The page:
WHAT was growing up like in Austria?
I had the best time growing up in Austria. We grew up very humble and in a beautiful area. I’m very lucky with my parents coming to Europe from two different continents (Africa and Asia) at a very young age. They’ve worked and still work hard for our family so we could enjoy the best of life.
How did you start doing music professionally?
I started doing music at a very young age. My parents discovered my talent and helped me improve it. I always knew that I wanted to be a singer and with the help of my dad and his knowledge for the music business, since he was an artist himself, that’s how I got to start doing music professionally.
How is Nigerian music, Afrobeats, perceived in Austria?
It’s well perceived. Through the new generation and their love for Afrobeats, the wave has already reached Austria and Germany. We got a lot of young Djs and artists representing that kind of music culture and I’m very proud to be a part of it.
What inspired your love for Afrobeats?
The musicality of it. Growing up, I used to listen to Afrobeats through my friends and the way we sing and vibe to it is just so different to pop music.
Your father is Yoruba and local languages are being used in many Nigerian songs. Do you have any favourite line from any local music?
No do shakara.
Your brother plays for Bayern Munich. How has that influenced your music career?
Both parts are entertainment and David himself loves music a lot.
And how does it feel having your dad as your manager?
Very safe. I’m very lucky having parents who fully support, motivate and inspire me to do what I love. They never doubt me. It’s good to know having someone as a manager who only wants the best for me and knows that it’s not all about the money.
Which Nigerian artiste do you admire the most and why?
Yemi Alade, Burna Boy, Davido. I love how they stay true to themselves and it clearly shows in their music.
You did a collaboration with Mayorkun. What was the experience like working with him?
Yeah, we did a song together called 50/50 produced by Kiddominant. We weren’t in the studio together since he was recording from Nigeria and I was in the studio in Munich. We met on set for the video shoot for the first time and got along great. He is very humble and I’m grateful for this experience because I really respect what he does.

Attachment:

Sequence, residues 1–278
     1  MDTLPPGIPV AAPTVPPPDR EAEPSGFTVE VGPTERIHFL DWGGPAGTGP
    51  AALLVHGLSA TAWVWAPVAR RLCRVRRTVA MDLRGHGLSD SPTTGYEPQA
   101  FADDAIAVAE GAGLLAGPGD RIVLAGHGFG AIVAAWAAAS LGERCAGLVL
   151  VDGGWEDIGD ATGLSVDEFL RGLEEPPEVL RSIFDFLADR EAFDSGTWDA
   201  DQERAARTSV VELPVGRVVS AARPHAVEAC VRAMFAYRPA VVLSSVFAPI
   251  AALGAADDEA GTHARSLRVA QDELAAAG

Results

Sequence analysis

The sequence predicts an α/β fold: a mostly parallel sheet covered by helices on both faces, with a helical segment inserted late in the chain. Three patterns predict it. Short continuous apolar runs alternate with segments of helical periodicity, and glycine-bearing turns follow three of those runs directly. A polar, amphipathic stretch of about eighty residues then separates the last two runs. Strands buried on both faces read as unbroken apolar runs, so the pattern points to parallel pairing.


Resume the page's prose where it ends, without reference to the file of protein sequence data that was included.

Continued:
Which other Nigerian artiste do you look forward to working with?
Burna Boy, Odunsi the Engine, and many many more.
You also studied acting. What is happening to that side of your career?
Music was always my first love, acting came second. What I’m really trying to do is fully focus on my music first and get to where I want to be. That doesn’t mean that I scratch acting out of my plan; I just wanna do it when the time is right.
You clocked 25 on May 26? How would you rate where you are now?
Musically, I am definitely not where I planned to be at this age but happy that my career is heading into the right direction and I try to follow God’s timing. As a person constantly trying to know myself better and better with the help of God.
What inspired your song, ‘My Love (sabi o)’?
Just a feeling I had in that particular 30 minutes in which I wrote the song. The song says it all.
You once described Nigerian guys abroad as flirts. What informed that?
Omg. That was a misunderstanding.
If in a relationship, what was the attraction?
If not in a relationship, why not?
That’s not what I’m focused on. If the vibe is not right from the beginning, what’s the point of putting energy to it?
What was the inspiration behind your song, ‘Go Down Low.’
Young John sent the beat over and I was just vibing to it in the studio in Vienna and did a couple of toplines. When I came to Nigeria, we worked as a team. Jiggy and I were in the studio where we finished up the song – team work makes the dream work. And I am really excited because the video is going to drop on the 7th of June. It was directed by Sesan. So, stay tuned for that.